DevOps Blog

State of DevOps Report 2017

Stephen Watts
by Stephen Watts

Puppet has once again released their annual State of DevOps report. This is the 6th survey they’ve conducted and released, with more than 27,000 total responses. This blog post will deep-dive into findings from the 2017 State of DevOps Report and look at how it compares with previous findings. Let’s start by taking a quick look back at the five main findings of the 2016 report:

  1. Faster means better.

    Opposite to common sense, which tells us that moving fast means raising the error probability, the study has shown that organizations which were able to evolve and deliver/deploy software faster have been the ones producing more stable and resilient systems.

    This was a data proven finding; statistically validated over several types of organizations from start-ups to big established companies operating in several market verticals (some being heavily regulated like Healthcare or Finance).
  2. Faster means fewer surprises.

    Another statistical finding, out of the performed data analysis, clearly shows that high-performers spend less time doing rework and having to cope with unplanned work. High performers are able to leverage some 20 percent of their time in new work than the rest.
  3. IT performance is key.

    Over decades, the general assumption has been that IT is merely a tool and while being so, its specific performance is not a relevant contributor to the overall corporate core business performance. Well, the news is the study proves the assumption to be wrong.

    Again, statistical analysis out of a wide market sample (all verticals, shapes, and sizes) shown that, despite accounting for just about 15 percent of the market, companies with high-performing IT were twice as likely to exceed their productivity, profitability and market share goals.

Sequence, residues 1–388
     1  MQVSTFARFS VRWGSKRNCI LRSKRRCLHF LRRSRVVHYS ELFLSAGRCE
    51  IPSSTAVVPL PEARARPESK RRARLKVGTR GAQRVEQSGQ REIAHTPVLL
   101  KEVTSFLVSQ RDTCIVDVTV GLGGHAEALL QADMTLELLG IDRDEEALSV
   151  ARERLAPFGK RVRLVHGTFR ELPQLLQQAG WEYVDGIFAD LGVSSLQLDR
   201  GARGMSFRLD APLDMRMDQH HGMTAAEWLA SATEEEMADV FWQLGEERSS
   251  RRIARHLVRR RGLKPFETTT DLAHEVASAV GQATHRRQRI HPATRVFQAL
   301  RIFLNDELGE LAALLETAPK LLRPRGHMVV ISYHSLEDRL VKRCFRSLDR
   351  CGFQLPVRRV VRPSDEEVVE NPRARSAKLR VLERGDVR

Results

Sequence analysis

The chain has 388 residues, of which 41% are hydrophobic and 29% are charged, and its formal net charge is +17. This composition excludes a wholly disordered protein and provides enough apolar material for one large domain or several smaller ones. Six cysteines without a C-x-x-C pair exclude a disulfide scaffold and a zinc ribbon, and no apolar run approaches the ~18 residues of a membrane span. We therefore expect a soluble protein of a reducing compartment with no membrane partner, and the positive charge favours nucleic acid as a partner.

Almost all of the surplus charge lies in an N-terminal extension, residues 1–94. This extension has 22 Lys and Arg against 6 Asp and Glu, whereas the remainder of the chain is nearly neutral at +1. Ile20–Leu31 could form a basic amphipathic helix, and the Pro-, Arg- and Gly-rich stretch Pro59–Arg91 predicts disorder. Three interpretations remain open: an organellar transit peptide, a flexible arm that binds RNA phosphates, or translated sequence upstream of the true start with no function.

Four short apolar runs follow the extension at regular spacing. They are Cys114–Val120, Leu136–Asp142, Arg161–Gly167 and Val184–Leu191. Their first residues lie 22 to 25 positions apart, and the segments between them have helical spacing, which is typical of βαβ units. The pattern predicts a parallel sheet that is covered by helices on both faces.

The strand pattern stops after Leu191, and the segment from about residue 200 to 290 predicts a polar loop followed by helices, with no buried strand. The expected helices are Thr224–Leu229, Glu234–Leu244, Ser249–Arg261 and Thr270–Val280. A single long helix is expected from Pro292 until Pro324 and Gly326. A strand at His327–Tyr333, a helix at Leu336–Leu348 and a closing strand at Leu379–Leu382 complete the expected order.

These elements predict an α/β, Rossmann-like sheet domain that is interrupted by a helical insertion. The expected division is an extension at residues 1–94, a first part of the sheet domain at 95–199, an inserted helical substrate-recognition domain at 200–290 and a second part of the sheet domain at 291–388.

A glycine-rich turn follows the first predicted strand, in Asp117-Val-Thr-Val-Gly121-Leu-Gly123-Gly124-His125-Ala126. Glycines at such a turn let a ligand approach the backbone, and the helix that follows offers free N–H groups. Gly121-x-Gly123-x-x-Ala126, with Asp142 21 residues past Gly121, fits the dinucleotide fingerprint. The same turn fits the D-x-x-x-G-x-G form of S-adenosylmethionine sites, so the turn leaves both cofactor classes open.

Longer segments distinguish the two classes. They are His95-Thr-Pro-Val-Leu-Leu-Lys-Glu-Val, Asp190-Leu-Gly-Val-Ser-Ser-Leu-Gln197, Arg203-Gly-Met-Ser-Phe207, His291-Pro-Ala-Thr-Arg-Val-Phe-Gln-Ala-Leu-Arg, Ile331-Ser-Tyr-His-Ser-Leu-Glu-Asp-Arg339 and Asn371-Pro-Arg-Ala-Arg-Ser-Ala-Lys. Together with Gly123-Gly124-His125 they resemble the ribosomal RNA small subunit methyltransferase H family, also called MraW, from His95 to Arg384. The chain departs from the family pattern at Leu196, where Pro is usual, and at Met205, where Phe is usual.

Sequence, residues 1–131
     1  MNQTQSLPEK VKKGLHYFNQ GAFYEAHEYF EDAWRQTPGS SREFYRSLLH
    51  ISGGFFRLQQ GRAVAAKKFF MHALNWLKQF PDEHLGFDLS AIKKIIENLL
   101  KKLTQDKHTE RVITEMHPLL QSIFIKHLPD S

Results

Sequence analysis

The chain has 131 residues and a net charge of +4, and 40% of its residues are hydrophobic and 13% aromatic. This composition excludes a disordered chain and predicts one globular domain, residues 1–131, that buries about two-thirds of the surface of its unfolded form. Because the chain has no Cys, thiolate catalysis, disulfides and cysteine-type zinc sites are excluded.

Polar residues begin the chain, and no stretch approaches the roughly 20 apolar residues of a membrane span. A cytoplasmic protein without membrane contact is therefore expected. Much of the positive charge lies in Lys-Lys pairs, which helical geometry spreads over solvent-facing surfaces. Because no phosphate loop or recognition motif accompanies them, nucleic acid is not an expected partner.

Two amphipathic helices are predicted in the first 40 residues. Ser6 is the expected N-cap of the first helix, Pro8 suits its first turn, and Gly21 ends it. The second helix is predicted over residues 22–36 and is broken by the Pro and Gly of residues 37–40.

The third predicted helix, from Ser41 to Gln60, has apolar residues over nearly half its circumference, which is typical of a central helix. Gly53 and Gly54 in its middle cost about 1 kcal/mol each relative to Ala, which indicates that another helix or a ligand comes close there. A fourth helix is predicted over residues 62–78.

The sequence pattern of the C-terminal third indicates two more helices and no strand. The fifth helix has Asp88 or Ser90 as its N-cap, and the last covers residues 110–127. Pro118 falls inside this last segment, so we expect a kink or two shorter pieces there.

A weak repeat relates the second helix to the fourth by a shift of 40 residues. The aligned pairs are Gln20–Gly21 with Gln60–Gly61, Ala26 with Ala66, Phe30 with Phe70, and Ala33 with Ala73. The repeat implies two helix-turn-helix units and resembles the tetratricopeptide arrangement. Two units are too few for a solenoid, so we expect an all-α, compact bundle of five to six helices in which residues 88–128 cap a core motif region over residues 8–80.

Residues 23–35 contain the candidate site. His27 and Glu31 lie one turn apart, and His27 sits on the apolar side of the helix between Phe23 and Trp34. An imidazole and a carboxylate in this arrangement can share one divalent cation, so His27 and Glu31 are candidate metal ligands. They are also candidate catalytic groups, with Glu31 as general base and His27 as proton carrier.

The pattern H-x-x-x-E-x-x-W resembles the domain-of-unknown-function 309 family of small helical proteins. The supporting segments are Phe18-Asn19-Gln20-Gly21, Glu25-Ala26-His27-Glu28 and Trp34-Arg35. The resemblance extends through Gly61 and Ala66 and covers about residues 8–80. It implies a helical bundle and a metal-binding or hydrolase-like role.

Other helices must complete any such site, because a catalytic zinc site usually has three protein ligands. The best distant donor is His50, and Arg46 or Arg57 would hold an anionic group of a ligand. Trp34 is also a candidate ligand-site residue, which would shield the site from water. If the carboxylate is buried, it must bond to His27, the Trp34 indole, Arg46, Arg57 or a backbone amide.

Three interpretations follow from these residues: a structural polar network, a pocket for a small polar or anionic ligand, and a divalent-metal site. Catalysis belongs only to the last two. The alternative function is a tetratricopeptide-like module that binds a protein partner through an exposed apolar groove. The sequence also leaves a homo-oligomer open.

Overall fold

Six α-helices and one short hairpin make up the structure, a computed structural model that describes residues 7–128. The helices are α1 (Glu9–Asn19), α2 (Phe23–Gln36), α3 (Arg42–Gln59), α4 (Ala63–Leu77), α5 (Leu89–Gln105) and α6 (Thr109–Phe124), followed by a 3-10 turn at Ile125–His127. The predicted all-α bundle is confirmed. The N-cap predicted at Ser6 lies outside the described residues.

4. Psychological safety supports great teams.

    Companies that could create a team spirit where members were comfortable with taking risks in front of colleagues have proven to be the best performing. So, fostering an organizational culture where, upon something going wrong the attitude is to jointly find out why and correct it, instead of scapegoating the person who caused the problem leads to a competitive edge.
  5. Some surprises.

    Contrary to belief, the 2016 study has surprisingly shown that the following practices do not contribute improving IT performance:

    • Having a separate testing group that primarily creates and maintains acceptance tests.
    • Having your acceptance tests developed and maintained by a 3rd party (outsourced).
    • Having developers creating their own specific test environments.

    This leads to the potential confirmation of one of DevOps main core cultural approaches which is to have developers and testers working together from the early development stages onwards.